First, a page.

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42

Chapter 21

38

-h / kJ mol1

34

10 0k

Pa

30

10

kP

a

a

kP

Figure 6 Enthalpy for isobaric adsorption of mixtures of ethylene (1) and ethane (2) in NaX, where h is the integral enthalpy and x1 is the mole fraction of ethylene in the nanopores. Dashed lines calculated from Equations (13)(15) and (19) using constants for the pure gases in Tables 1 and 2. Solid lines indicate experimental data.5 At 1 kPa, the dashed and solid line coincide

deviations from Raoults law (i 1). These deviations are dominated by heterogeneity of the gassolid energy and therefore cannot be estimated from the activity coefficients of the bulk fluids. The strongest deviations from ideality are observed for mixtures in zeolites such as NaX (faujasite), which has strong electric fields and electric field gradients in its nanopores that interact differently with quadrupolar (C2H4) and nonpolar molecules (C2H6). Mixtures adsorbed in materials with weak electric field gradients such as silicalite (MFI structure) or active carbon are more nearly ideal (i1) than zeolites like NaX, which contain exchangeable nonframework cations. Activity coefficients for nonideal mixtures have been reported.5 The error associated with the use of IAS theory is shown in Figure 5. The solid lines are the experimental data and the dashed lines were calculated from Equations (13)(18). The comparison of the IAS prediction with experimental data in Figure 5 raises the following question: is it possible to predict activity coefficients? Correlations of activity coefficients with single-gas adsorptive properties5 suggest that such predictions are possible, and reliable methods may be discovered in the future. The estimate of the integral enthalpy (h) by Equation (19) is shown by the dashed lines in Figure 6. The solid lines are the experimental data determined by calorimetry.5 The error in the estimated enthalpy (dashed lines) increases with pressure but the largest error is 1.6%. The values at the two end points (y1 0 and y1 1) are the integral enthalpies for pure ethylene and ethane given by Equation (11).

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6 Summary

Equation (5) is an equation-of-state for the adsorption of a pure gas as a function of temperature and pressure. The constants of this equation are the Henry constant, the saturation capacity, and the virial coefficients at a reference temperature. The temperature variable is incorporated in Equation (5) by the virial coefficients for the differential enthalpy. This equation-of-state for adsorption of single gases provides an accurate basis for predicting the thermodynamic properties and phase equilibria for adsorption from gaseous mixtures.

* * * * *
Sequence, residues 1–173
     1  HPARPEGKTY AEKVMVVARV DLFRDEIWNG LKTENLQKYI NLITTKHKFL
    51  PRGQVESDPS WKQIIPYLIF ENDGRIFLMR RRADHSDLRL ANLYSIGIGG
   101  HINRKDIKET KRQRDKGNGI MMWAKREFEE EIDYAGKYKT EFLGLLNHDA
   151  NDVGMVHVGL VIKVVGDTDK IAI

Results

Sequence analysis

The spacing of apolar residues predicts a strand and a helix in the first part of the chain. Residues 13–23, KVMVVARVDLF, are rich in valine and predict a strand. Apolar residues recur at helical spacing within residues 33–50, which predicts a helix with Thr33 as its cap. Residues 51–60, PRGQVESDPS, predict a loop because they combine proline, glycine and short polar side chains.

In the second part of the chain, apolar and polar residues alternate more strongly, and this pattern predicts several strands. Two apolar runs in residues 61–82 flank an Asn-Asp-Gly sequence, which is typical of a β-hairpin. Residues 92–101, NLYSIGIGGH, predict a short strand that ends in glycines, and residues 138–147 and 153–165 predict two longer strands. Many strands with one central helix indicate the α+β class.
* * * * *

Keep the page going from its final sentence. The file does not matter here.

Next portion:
References

1. D. M. Ruthven, Principles of Adsorption and Adsorption Processes, John Wiley & Sons, New York, 1984, 7, 50, 56. 2. http://www.iza-structure.org/databases 3. D. Nicholson and N. G. Parsonage, Computer Simulation of the Statistical Mechanics of Adsorption, Academic Press, London, 1982 4. A. L. Myers, P. A. Monson, Adsorption in porous materials at high pressure: theory and experiment, Langmuir, 2002, 18, 1026110273. 5. F. R. Siperstein and A. L. Myers, Mixed-gas adsorption, A.I.Ch.E.J., 2001, 47, 11411159. 6. S. H. Hyun and R. P. Danner, J. Chem. Eng. Data, 1982, 27, 196. 7. A. L. Myers, Thermodynamics of adsorption in porous materials, A.I.Ch.E. J., 2002, 48, 145160. 8. J. A. Dunne, R. Mariwala, M. Rao, S. Sircar, R. J. Gorte and A. L. Myers, Calorimetric heats of adsorption and adsorption isotherms. 1. O2, N2, Ar, CO2, CH4, C2H6, and SF6 on silicalite, Langmuir, 1996, 12, 58885895. 9. D. A. McQuarrie, Statistical Mechanics, Harper & Row, New York, 1976, p. 51. 10. J. M. Prausnitz, R. N. Lichtenthaler and E. G. de Azevedo, Molecular Thermodynamics of Fluid-Phase Equilibria, 3rd edn, Chapter 3, Prentice-Hall, Upper Saddle River, New Jersey, 1999. 11. D. M. Ruthven, S. Farooq and K. S. Knaebel, Pressure Swing Adsorption, John Wiley & Sons, New York, 1993.